Working in the New Normal: Getting the Job Done in a Crowded House

Neil Kinard helps keep Duke University Health System revenue in order

Part of the Profiles of Staff and Faculty During COVID-19 Series
Neil Kinard in his home workspace.
The Patient Management Revenue Organization's Neil Kinard has learned how to get his work done in a busy house. Photo courtesy of Neil Kinard.

Name: Neil Kinard

Position: Revenue Manager, Patient Revenue Management Organization

Years at Duke: 11

What does he at Duke: As a revenue manager, Kinard helps different parts of Duke University Health System keep track of the financial side of their work. He analyzes the charges generated by the care and looks for ways to make billing more efficient and reliable, which also includes solving problems encountered by the units he helps.

How has his job changed during the pandemic: Not only did Kinard change how he did his job during the pandemic, he also changed jobs. Last fall, he went from being a compliance specialist with the Patient Revenue Management Organization’s Coding Integrity team to his current role of revenue manager.

“I did the whole interview process virtually,” Kinard said. “It was definitely unique.”

Kinard now works fully remote, which isn’t something entirely new. Prior to the pandemic, his job allowed him to work from home often. But last March, he recalled a definite shift in the vibe when remote work became mandatory.

“It was a whole new world once we realized we were supposed to be home for good,” Kinard said. “We went in and cleaned out our lockers and desks because we didn’t know when this was going to be over.”

What aspect of his work is he most proud of during these challenging times? Kinard said he’s been impressed by how quickly he and his colleagues have adapted to using online meeting tools such as Zoom and WebEx on a daily basis. He said the spirit of camaraderie has been strong among his team.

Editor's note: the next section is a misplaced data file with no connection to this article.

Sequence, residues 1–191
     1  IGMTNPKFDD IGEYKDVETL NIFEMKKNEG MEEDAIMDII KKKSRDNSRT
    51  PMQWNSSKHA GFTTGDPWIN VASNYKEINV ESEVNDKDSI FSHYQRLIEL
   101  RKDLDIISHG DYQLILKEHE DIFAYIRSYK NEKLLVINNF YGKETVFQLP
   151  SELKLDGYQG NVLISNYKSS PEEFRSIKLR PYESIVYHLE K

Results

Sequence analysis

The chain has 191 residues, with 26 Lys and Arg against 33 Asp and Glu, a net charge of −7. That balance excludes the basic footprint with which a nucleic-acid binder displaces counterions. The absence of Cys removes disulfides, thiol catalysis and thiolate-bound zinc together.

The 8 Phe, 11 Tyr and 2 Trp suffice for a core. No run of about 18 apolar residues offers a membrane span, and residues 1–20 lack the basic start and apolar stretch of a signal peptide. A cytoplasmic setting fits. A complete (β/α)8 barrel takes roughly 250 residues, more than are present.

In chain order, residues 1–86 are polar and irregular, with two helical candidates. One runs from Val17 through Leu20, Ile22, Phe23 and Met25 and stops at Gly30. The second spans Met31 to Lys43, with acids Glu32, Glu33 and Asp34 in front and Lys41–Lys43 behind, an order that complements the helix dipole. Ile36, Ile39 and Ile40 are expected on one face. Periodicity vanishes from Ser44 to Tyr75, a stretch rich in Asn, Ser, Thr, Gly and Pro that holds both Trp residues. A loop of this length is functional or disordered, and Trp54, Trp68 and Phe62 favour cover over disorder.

“We’ve done a great job of working together,” Kinard said.

What does he love about remote work? Kinard does his work at his family’s living room table near his wife, Tara Kinard, who works with Duke's Population Health Management Office. Nearby, two of the couple’s teenage children do remote schoolwork while their youngest child is in daycare. Adding to the busy scene are the family’s two dogs and two cats.

But for Kinard, the lively environment is a worthwhile tradeoff for not having to make the 30-minute commute to Durham from his home in Hillsborough.

“When I think about all of the stress that came with driving on the Interstate trying to go to work, it’s a big difference,” Kinard said.

TV show or series that has gotten him through – and why: During the pandemic, “The Mandalorian,” a Star Wars-inspired series on Disney+ has united the Kinard household. From parents, to teenagers and even their youngest child, everyone has enjoyed watching along, albeit on their own pace.

“It’s extremely rare to find something everyone can appreciate,” Kinard said.

Lesson learned during COVID-19:  Kinard has come to appreciate the importance of drawing a clear distinction between work and home. One way he does that is by not doing household chores, such as laundry or washing dishes, during the work day.

“I’ve tried to put a barrier between my work day and the chores around the house,” Kinard said. “If not, it’s going to feel like I’m living at the office.”

Neil Kinard on a boat.Something most people don’t know about him: Kinard grew up in Charleston, South Carolina and began his career working for the Medical University of South Carolina. He then moved to Jacksonville, Florida, where he joined the staff of the city’s branch of the Mayo Clinic.

When he moved to the Triangle roughly 11 years ago, it took him further away from the coast than he’d ever lived. While he lives around three hours from the coast, he said he doesn’t get there enough.

“I used to have surfboards when I lived in Charleston and Jacksonville,” Kinard said. “I didn’t bother to bring one here.”

How are you working in a new normal? Tell us about it or nominate a colleague by writing to us or completing this story idea form.